The Relativity Theory showed that mass could be converted directly into energy (E=mc²), and that a minute piece of mass could release a vast amount of energy.
In 1939 Einstein collaborated with several other physicists in writing a letter to President Franklin D. Roosevelt, pointing out the possibility of making an atomic bomb and the likelihood that the German government was embarking on such a course. The letter, which bore only Einstein's signature, helped lend urgency to efforts in the U.S. to build the atomic bomb, but Einstein himself played no role in the work and knew nothing about it at the time.
Albert Einstein Died in 1955

Einstein Links

Albert Einstein Humor and Quotes

Jokes on Albert Einstein - Twilight Bridge
Albert Einstein Quotes - S.F.Heart
Albert Einstein Quotes - The Quotations Page
The Albert Einstein Experience - juliantrubin.com

Albert Einstein for Kids

Way to Go, Einstein! - Ology
Think Like Einstein - NOVA
Einstein Revealed - NOVA
A Science Odyssey: That's My Theory: Einstein
Albert Einstein Archives - Einstein for Kids
Albert Einstein for Kids
Relativty - Nobel e-Museum
Still Right after all these Years... - TheWhyFiles

Albert Einstein Biographies

Albert Einstein in the World Wide Web
Albert Einstein - St Andrews
Einstein-Image and Impact - AIP History Center Exhibit
Albert Einstein - A Biography by Dalibor Paar, University of Zagreb
TIME 100: Albert Einstein
Inventor Albert Einstein - The Great Idea Finder
TIME.com: Person of the Century
The Nobel Prize in Physics 1921 - Nobel e-Museum

Albert Einstein Archives

Albert Einstein Archives
Einstein Papers Project - The California Institute of Technology

Pictures of Albert Einstein

Pictures of Albert Einstein
Einstein Pictures - Caltech Archives
Albert Einstein: Portraits of a Genius - Jewish-American Hall of Fame

The Twin Paradox

Time Traveler - PBS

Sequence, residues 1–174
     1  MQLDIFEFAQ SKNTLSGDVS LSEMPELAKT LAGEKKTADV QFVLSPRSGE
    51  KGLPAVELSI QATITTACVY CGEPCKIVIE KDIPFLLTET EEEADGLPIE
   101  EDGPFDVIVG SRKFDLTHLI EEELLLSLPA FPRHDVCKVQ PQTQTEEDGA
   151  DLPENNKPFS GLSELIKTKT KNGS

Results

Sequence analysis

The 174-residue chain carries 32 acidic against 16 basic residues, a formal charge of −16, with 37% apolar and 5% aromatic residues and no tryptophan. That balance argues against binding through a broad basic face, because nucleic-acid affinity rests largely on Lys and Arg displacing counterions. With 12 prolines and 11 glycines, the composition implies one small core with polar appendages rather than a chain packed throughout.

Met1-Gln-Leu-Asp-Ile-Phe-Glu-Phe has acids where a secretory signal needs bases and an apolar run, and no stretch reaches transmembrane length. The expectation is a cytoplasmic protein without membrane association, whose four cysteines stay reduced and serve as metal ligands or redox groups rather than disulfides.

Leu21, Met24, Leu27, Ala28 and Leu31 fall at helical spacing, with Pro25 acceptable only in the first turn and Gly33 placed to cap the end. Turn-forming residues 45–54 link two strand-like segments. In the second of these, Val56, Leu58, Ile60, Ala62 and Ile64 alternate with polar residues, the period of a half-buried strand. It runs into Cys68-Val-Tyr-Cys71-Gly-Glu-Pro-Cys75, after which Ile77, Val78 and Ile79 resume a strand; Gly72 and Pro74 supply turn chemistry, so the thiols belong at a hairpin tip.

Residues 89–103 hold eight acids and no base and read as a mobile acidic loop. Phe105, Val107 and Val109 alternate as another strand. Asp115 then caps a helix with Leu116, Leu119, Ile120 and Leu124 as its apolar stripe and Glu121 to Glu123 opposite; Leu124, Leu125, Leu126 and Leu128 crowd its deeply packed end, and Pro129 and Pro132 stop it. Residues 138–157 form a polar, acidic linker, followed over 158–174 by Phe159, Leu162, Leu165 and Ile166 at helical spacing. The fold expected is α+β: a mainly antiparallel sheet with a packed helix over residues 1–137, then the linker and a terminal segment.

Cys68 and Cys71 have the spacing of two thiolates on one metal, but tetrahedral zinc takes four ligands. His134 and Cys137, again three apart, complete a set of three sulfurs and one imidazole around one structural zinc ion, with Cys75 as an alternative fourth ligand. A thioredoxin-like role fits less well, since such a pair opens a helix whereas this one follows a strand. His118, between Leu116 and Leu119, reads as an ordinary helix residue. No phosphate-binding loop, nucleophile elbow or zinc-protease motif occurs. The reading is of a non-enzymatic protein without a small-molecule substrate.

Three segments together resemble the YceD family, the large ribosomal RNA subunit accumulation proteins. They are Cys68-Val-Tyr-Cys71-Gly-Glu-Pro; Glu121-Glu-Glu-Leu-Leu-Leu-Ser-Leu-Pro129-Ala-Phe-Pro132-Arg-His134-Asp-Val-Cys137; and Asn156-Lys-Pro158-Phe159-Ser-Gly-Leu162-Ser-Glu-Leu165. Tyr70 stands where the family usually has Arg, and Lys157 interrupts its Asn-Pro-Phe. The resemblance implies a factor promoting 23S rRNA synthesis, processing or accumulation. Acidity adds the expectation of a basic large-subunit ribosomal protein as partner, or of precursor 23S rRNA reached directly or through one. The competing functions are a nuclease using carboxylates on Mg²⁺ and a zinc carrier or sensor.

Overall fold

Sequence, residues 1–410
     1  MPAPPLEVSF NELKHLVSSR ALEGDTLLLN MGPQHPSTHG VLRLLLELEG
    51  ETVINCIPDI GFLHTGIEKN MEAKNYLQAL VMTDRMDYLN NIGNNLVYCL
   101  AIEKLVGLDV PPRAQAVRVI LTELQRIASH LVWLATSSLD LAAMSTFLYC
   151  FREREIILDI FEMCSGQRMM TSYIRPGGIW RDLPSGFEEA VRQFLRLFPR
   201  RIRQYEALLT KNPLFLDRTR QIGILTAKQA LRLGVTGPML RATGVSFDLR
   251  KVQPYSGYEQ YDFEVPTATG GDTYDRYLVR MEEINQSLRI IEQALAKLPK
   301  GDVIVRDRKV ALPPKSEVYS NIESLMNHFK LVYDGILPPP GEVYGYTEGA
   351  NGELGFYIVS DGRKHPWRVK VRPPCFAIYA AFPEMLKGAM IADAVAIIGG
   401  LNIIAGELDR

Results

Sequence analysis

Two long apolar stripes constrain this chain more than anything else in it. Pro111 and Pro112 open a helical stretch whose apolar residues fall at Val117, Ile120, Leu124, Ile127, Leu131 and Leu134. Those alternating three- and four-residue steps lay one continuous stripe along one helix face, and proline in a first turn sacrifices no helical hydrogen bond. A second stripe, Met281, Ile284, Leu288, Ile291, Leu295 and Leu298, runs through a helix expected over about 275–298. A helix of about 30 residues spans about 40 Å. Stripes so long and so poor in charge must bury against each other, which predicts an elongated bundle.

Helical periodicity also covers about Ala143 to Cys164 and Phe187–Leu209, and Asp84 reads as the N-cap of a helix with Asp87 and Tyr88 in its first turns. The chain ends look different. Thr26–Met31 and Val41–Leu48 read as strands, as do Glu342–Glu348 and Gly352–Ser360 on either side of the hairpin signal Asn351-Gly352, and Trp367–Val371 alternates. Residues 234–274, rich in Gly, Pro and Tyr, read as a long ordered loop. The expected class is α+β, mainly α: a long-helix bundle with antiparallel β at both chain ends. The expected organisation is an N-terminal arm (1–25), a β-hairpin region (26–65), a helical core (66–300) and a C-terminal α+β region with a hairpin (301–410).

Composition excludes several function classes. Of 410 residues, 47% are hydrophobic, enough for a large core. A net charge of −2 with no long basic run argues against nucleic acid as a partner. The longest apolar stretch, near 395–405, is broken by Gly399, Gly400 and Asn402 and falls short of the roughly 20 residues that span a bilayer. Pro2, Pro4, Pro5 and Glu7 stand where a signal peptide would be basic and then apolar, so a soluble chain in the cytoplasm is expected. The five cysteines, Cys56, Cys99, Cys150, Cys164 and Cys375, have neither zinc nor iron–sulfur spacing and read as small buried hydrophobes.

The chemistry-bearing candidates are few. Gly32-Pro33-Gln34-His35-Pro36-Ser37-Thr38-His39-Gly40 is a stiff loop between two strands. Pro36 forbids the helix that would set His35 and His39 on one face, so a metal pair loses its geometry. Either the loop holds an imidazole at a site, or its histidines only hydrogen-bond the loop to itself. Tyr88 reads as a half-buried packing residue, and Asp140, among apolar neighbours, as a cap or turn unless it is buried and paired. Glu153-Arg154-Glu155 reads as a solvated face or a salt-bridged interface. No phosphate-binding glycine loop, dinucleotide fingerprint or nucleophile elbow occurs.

The Twin Paradox - Usenet Physics FAQ
What Is The Twin Paradox?

Why is the sky blue?

Why is the sky blue? - Usenet Physics FAQ
Why Is the Sky Blue - Science Made Simple

Black Holes

Black Holes - Mike Guidry
Black Holes - Usenet Physics FAQ
Black Holes and Beyond - The University of Illinois
Black Holes - University of Cambridge

Special Relativity

Special Relativity - Michael Fowler, University of Virginia
Relativity - NobelPrize.org
How Special Relativity Works - HowStuffWorks
Think Like Einstein - Nova
It's Relative - KryssTal
A Brief History of Relativity - Time100
Special relativity - MacTutor
Special Relativity - towson.edu
Relativity - Mark Lawrence
Introduction to special relativity - Wikipedia

General Relativity

Relativity - University of Illinois
Gravity Probe B - Stanford University

Albert Einstein Directories

Einstein and the World Year of Physics 2005 - UB Libraries
Albert Einstein Online
Albert Einstein in the World Wide Web
Einstein Links - AIP

Einstein Science Fair Projects

Physics Science Fair Projects and Experiments

Albert Einstein Books

Scientists & Inventors
Ampère André-Marie
Baird John
Bell Alexander
Carver George
Cavendish Henry
Darwin Charles
Eastman George
Edison Thomas 1
Edison Thomas 2
Einstein Albert
Electric Motor
Faraday Michael
Fitzroy Robert
Foucault Léon
Franklin Benjamin
Fuel Cell
Galileo Galilei 1
Galileo Galilei 2
Gutenberg Johannes
Hertz Heinrich
Joule, James Prescott
Leonardo da Vinci
Leeuwenhoek Antonie
Marconi Guglielmo
Mendel Gregor
Miller-Urey Experiment
Millikan Robert
Morse Samuel
Newton Isaac
Ohm Georg
Pavlov & Skinner
Pitch Drop Experiment
Radio Inventions
Spectrum of Light
Tesla Nikola
Torricelli Evangelista
Tycho Brahe
Volta Alessandro
Whitney Eli
Wright Brothers
Young Thomas
Zuse Konrad
Ampère André-Marie

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Last updated: February 2018